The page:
Mastery Connect



Developed by a team of former educators, Mastery Connect's goal is to make formative assessment -- measuring progress by student and by standard in a timely fashion -- doable.  The free version of the tool allows teachers to create, administer, score, record and report the results of 10 question assessments that are tied either to state standards or to the Common Core in minutes using nothing more than the webcam of your computer.  In this activity, session presenter Bill Ferriter will introduce participants to the role that Mastery Connect is playing to redefine his assessment practices.






Socrative – a stand-alone service that is also owned by and accessible through MasteryConnect – is designed to make in-the-moment formative assessment doable.  Teachers can ask a range of different kinds of questions – true/false, short answer, multiple choice – instantly and easily in the middle of a lesson.  Students can respond to these questions through any internet connected device – tablets, phones, computers – using browsers or dedicated apps.  Responses can be shared with the class or kept private depending on a teacher's intentions for individual assessments.  Assessment results can also be downloaded or saved for later viewing.  Finally, assessments created by individual teachers can be shared with others easily.






Like both Mastery Connect and Socrative, Plickers makes in the moment formative assessment possible.  Teachers can ask their classes true/false and multiple choice questions and then collect and record student responses to those questions instantly.  Plickers also makes it possible for users to generate reports and track individual student responses.  What makes Plickers unique, however, is that it does not depend on students having access to digital devices.  Instead, students are given pieces of paper with a single graphic on it.  To respond, they hold the graphic up in a specific way.  Teachers then "collect" responses by using the camera of their smartphones.  That makes Plickers a valuable tool for formative assessment in schools with limited access to technology. 




Looking at Assessment Data Together


To lessen the inter- and intra-personal issues of looking at student data together, teams must develop a clear process for conducting data review meetings.  Without a clear process for looking at data together, data meetings can become unsafe places where teachers unfairly judge one another based on the results that students are producing on common assessments.  Nothing can hurt the long-term health of a learning team more than meetings where people forget that looking at data is designed to help teams make judgments about instructional practices -- not people -- with one another.  In this portion of the workshop, participants will look at two different templates for structuring data conversations and decide which would best support their current work.  



Exploring Data Analysis Tools and Tricks

Data Meeting Template 

Protocol for Data Meeting

Structuring Team Data Conversations 


Assessment experts Kim Bailey and Chris Jakicic have put together a simple template and protocol for conducting data meetings that can help teams to talk about results in an atmosphere of mutual trust and respect, and session presenter Bill Ferriter has put together a Structuring Team Data Conversations document that works to guide teams to the same end.  Review these documents to see if they could play any role in the work that you do with collaborative peers.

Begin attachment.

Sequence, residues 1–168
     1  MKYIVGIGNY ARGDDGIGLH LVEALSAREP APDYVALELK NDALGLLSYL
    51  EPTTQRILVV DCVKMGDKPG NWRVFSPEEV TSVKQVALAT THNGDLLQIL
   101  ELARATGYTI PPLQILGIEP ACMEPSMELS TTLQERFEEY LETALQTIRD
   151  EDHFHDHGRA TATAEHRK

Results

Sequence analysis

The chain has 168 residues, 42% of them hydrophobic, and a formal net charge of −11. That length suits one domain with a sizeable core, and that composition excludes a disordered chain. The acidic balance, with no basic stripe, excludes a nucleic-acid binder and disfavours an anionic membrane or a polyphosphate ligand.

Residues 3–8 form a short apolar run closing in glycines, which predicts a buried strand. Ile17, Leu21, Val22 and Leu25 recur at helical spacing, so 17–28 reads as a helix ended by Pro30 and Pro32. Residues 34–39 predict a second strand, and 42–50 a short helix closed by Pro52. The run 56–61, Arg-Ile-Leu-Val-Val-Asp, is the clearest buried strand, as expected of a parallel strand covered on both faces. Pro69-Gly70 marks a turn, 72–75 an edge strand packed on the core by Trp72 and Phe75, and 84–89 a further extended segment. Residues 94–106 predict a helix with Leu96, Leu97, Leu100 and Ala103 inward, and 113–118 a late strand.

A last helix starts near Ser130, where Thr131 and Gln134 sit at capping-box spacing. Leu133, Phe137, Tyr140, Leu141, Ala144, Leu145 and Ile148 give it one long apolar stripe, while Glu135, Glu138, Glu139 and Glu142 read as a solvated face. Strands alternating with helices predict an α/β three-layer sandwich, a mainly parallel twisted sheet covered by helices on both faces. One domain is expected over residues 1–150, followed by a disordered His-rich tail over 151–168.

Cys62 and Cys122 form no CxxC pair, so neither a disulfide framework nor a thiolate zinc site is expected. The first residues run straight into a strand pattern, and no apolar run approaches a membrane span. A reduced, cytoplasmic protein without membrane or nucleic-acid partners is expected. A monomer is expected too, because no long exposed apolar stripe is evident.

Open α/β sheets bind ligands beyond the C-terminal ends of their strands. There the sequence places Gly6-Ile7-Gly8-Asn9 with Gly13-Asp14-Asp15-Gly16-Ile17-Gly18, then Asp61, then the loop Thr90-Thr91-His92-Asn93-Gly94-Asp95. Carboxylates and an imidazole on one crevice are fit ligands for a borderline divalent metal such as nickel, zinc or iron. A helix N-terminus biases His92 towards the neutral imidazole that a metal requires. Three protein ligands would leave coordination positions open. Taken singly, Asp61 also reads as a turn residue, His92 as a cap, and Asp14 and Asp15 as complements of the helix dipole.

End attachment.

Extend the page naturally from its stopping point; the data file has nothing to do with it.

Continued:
Questions to consider:


  • Do your learning teams currently have tools and/or practices in place to guide their conversations about student learning data?  How is that influencing -- either positively or negatively -- the work that they do on behalf of students?
  • What is it that you like the best about both data conversation templates?  Which data conversation template is likely to be the right starting point for your learning team?  Why?  
  • If you were to make changes to either of these data conversation templates, what would those changes be?  Why would those changes be important for your teachers and your learning teams?  



Two Great Data and Assessment Resources


Most of session presenter Bill Ferriter's data and assessment knowledge has been informed by the work of assessment experts Nancy Love, Chris Jakicic and Kim Bailey.  Love, Jakicic and Bailey have all developed incredibly approachable resources, protocols and practices for using assessments to inform practice.  The following books provide great starting points for thinking about the role that data and assessment can play in PLCs: 


Common Formative Assessment



No single book has been more influential in shaping Bill's thinking about assessment in a PLC than this title written by Chris Jakicic and Kim Bailey.  Not only do Bailey and Jakicic use Common Formative Assessment to detail the steps that responsible learning teams can take to integrate assessment into their collaborative work, then debunk the all-too-common notion that assessments have to be complicated documents that cover multiple questions and standards.  Their goal is to get teams to see assessments as quick tools that are developed by individual learning teams, delivered weekly or bi-weekly, and used to drive action immediately.  



Data Coach's Guide to Improving Learning for All Students



One of the most resource rich tools for supporting the work of data coaches working in professional learning communities is Nancy Love's Data Coach's Guide to Improving Learning for All Students.  Drawing from Nancy's long history in supporting teams interested in using data to inform their practice, this book lays out a specific process that can be used to structure data conversations.  While it is an incredibly comprehensive book that can feel overwhelming at times, there are TONS of protocols designed to help data coaches facilitate healthy data-based conversations in school buildings.  It's often the first resource that Bill Ferriter turns to when helping data coaches figure out their role in learning communities.  



Comments (0)

You don't have permission to comment on this page.